Ferneyhough’s output embraces all genres of contemporary art music, from solo and chamber works to music for orchestra and for the stage. It is remarkable as much for its rigorous reflection on the nature and deployment of musical material as for the diversity of its influences and references: philosophy, certainly, as well as literature and painting; but also science fiction, alchemy and mysticism. This more speculative facet of Ferneyhough’s inspiration is sometimes lost sight of, but it is evident as early as Transit for large ensemble and voices, and as recently as the opera Shadowtime, whose overtly philosophical programme is deliberately undermined by equally strong impulses in the direction of irrationality and transcendentalism.
The abiding concern with transcendence is at the heart of Ferneyhough’s music, and helps explain those aspects that are oftenregarded as wilfully difficult and impenetrable. It colours his own attitude to the act of composing: the grids and sieves that inform his technique are as many constraints through which ‘creative volition’ must pass in order to surpass itself. The same is true of hisperformers, who are called upon to wrest themselves free, Houdini-like, of the shackles of the composer’s devising: the title ofFerneyhough’s multi-movement Carceri d’Invenzione cycle (1981-6) is a deliberate pun, both imaginary prisons and prisons of invention, just as Giambattista Piranesi’s eponymous etchings of dungeons, with their multiple vanishing points, constantly hint at the possibility of escape. The solo pieces from the mid-70s – Unity Capsule for flute, Time and Motion Study I and II for bass clarinet and ‘cello, respectively – each deal with this question, even when the possibility of escape is ultimately denied (as in the ‘cello piece, perhaps the most pessimistic work in all ofFerneyhough’s output).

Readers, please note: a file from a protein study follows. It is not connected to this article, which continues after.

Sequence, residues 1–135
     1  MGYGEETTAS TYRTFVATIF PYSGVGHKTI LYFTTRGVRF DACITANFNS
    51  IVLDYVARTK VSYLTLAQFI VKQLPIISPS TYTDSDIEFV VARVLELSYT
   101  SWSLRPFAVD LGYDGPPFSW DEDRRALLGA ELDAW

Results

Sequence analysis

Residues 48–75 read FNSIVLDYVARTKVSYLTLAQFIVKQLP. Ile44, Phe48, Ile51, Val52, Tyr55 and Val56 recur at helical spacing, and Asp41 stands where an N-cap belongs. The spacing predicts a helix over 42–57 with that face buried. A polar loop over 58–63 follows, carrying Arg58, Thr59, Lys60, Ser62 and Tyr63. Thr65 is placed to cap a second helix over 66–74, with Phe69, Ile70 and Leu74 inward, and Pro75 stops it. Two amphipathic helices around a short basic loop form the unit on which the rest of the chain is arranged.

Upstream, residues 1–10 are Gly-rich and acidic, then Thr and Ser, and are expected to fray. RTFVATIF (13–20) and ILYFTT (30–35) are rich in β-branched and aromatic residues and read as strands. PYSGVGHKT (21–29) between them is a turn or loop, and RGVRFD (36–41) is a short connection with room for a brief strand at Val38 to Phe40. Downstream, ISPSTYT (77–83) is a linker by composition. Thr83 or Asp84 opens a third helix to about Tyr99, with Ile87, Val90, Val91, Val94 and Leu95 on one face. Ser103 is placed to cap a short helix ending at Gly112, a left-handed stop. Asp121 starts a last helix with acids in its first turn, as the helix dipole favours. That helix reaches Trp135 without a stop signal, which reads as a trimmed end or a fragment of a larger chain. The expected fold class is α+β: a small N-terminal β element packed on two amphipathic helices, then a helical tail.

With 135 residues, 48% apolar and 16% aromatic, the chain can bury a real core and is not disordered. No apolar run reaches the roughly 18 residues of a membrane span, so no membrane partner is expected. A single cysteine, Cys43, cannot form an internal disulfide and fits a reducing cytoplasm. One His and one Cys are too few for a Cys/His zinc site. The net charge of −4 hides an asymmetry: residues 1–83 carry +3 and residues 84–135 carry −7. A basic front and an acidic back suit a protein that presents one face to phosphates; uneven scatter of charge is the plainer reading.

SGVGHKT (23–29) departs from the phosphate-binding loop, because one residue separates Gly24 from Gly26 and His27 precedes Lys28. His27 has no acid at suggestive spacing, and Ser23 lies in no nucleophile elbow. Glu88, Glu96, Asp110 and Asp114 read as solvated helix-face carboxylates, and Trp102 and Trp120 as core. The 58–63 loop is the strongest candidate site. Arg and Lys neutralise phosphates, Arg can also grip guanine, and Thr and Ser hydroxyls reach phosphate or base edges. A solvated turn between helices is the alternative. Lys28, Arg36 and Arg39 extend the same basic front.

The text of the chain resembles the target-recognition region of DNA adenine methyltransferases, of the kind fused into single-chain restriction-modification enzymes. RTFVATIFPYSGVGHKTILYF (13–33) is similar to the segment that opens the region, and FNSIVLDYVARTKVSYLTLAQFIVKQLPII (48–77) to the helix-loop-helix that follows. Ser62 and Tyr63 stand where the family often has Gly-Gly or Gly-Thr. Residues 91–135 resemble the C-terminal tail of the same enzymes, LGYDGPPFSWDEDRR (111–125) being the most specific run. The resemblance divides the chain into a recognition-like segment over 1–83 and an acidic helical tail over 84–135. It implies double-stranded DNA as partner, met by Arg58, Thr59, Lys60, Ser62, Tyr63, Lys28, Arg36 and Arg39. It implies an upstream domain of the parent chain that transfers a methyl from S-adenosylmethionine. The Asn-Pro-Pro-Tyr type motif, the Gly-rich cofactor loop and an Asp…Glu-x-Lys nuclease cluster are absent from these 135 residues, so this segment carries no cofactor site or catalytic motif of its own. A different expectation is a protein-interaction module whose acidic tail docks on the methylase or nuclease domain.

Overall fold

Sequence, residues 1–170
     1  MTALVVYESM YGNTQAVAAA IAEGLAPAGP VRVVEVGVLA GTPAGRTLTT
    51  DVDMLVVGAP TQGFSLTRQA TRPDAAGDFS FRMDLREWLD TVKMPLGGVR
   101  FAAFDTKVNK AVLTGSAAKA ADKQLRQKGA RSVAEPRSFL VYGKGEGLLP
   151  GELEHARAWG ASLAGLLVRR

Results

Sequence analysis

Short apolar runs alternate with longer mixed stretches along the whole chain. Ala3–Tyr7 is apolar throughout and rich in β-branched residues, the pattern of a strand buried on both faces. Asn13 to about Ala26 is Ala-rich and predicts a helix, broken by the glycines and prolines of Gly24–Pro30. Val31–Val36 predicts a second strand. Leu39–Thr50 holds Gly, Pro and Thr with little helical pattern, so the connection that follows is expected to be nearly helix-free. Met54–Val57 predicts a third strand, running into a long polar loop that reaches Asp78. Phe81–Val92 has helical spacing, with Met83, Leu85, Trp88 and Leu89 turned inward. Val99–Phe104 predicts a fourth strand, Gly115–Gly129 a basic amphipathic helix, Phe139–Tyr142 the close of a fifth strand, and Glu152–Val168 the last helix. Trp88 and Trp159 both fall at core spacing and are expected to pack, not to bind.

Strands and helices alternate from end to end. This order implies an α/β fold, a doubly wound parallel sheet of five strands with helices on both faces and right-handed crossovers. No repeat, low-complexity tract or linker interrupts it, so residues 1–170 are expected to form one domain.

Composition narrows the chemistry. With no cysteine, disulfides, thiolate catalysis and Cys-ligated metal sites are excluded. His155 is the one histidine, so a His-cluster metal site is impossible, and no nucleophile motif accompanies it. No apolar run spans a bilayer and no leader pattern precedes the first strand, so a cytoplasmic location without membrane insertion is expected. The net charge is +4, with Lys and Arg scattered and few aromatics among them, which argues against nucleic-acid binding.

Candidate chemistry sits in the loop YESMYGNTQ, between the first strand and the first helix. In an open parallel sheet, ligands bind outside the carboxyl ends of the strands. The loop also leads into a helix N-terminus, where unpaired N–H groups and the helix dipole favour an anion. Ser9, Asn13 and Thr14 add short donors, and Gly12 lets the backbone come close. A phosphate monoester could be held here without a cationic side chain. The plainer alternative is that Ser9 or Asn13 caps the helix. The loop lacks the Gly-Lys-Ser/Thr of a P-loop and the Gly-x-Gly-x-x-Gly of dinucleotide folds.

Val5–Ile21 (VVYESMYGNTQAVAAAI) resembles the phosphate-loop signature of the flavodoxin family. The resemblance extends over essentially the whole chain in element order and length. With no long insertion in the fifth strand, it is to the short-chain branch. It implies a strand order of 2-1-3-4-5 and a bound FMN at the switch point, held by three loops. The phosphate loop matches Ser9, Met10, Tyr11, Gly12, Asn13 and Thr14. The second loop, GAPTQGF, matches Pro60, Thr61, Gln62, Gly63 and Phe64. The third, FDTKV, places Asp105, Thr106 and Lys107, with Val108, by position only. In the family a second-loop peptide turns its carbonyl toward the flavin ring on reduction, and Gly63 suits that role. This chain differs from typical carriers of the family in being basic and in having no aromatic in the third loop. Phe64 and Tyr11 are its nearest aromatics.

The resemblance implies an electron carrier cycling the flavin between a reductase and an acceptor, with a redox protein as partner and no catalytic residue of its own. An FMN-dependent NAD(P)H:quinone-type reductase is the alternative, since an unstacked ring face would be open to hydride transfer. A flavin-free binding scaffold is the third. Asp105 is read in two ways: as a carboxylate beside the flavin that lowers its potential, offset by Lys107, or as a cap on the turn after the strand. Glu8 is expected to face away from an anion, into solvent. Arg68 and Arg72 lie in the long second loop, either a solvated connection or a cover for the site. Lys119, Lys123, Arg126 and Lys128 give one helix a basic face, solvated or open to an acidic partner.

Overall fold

Alongside idiosyncratic pieces like these stands the magnificent series of string quartets, which includes five to date, and punctuates each decade of Ferneyhough’s career from the 1960s onwards. An earlyFirst String Quartet has long since been withdrawn, its place taken by the Sonatas for String Quartet. The apollonian Second Quartet remains one of Ferneyhough’s best known pieces, while its darker, inscrutable successor seems to turn the material of the Second inside-out. In addition to the named series are the short, occasional Adagissimo, and Ferneyhough’s most recent addition to the genre, the four Dum transisset settings based on works for viol consort by the Elizabethan composer Christopher Tye. This recent interest in borrowing material from past composers (which also pervades Shadowtime) is pre-figured by the Fourth Quartet with soprano, whose scoring deliberately invokes Schoenberg, as does the String Trio, which stands comparison with the quartet series for ambition and sheer rhetorical eloquence.
The recent series of works based on borrowed materials testifies to Ferneyhough’s protean ability to re-invent himself, at an age when many might be tempted merely to consolidate past successes. Transcendence, again: if Ferneyhough’s music has a positive message beyond its unflinching exploration of the complexities of mind and of Geist, it is surely this.
© 2007 Fabrice Fitch